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CBO: PPACA bill may lead to 55% rise in uninsured count

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Enacting the Patient Protection and Affordable Care Act (PPACA) mandate repeal provisions in H.R. 3762 could cut federal budget deficits by about $130 billion from 2016 through 2025, according to analysts at the Congressional Budget Office (CBO).

The mandate repeal provisions in H.R. 3762, the Restoring Americans’ Healthcare Freedom Reconciliation Act of 2015 bill, would cut federal spending by about $79 billion over 10 years, and they could also lead to economic effects that could cut federal budget deficits by about $51 billion over that same period, the analysts say in a new report.

The H.R. 3762 mandate repeal provisions could also increase the number of U.S. residents without health coverage from 42 million to 43 million, or 15 percent of the nonelderly U.S. population, in years after 2016, the analysts estimate.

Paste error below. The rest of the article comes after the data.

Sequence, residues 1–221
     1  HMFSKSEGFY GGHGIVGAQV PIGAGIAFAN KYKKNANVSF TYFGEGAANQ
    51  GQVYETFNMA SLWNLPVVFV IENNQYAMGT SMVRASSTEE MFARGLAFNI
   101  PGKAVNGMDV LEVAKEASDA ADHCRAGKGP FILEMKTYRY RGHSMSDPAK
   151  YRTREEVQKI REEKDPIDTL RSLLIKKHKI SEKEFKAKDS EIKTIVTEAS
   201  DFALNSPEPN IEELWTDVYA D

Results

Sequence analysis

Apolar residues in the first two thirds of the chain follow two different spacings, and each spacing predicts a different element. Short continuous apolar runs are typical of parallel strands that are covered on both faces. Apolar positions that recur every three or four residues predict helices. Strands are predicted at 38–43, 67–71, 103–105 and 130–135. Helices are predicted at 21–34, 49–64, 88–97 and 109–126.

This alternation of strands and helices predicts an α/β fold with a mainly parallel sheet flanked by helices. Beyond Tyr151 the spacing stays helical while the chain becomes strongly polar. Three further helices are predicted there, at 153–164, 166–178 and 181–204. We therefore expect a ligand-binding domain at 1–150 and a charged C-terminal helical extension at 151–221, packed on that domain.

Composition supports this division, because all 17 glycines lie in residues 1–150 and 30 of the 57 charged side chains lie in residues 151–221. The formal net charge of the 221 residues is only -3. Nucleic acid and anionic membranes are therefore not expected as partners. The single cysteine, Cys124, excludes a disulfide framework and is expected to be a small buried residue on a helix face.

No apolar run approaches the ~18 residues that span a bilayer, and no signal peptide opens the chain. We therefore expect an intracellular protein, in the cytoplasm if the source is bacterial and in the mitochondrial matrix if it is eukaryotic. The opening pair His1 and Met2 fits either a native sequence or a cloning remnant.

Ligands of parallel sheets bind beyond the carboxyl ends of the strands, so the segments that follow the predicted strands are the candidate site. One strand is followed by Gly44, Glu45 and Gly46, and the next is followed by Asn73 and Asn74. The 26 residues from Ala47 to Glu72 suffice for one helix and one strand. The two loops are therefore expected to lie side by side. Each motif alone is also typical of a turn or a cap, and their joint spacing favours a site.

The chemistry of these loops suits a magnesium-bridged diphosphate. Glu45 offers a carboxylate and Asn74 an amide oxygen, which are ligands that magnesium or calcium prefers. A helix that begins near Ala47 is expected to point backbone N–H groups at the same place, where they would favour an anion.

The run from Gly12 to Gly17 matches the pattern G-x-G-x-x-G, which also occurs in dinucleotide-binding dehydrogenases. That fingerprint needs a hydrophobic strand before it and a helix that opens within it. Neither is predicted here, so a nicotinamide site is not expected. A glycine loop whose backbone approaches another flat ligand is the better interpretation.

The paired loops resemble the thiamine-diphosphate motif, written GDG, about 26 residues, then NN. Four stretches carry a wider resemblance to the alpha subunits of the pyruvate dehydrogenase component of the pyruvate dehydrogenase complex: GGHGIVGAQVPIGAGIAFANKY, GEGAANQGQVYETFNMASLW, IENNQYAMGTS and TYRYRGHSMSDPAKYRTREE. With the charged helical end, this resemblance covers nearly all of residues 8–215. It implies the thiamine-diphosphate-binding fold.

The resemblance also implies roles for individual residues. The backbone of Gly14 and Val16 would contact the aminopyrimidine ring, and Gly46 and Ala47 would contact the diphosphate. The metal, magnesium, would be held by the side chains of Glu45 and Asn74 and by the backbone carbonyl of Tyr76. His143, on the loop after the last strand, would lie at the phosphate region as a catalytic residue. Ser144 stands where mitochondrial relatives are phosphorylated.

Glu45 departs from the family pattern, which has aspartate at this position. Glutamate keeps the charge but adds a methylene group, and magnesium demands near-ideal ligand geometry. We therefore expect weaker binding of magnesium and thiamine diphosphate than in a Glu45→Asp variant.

If the current PPACA mandates stay in place, only about 26 million to 27 million nonelderly people will lack coverage, the analysts predict.

If the CBO forecasts are correct, the H.R. 3762 mandate repeal provisions could increase the number of uninsured U.S. residents by 55 percent to 65 percent.

The mandate repeal provisions would save about $760 to $815 per additional uninsured person per year, according to calculations based on the CBO figures.

H.R. 3762 would repeal the PPACA individual mandate and employer coverage mandate provisions.

The bill also would repeal the PPACA medical device tax, the PPACA high-cost “Cadillac plan” excise tax, the PPACA provisions that established the Independent Payment Advisory Board (IPAB), and PPACA group plan enrollment provisions.

“Nearly all of [the] reduction in coverage would arise from repealing the mandate on individuals to obtain health insurance coverage,” the analysts write in the report.

Other changes could reduce enrollment in employment-based coverage by 5 million, but the repeal of the Cadillac plan tax could lead to a 500,000 to 1 million net increase in employer plan enrollment, the analysts say.


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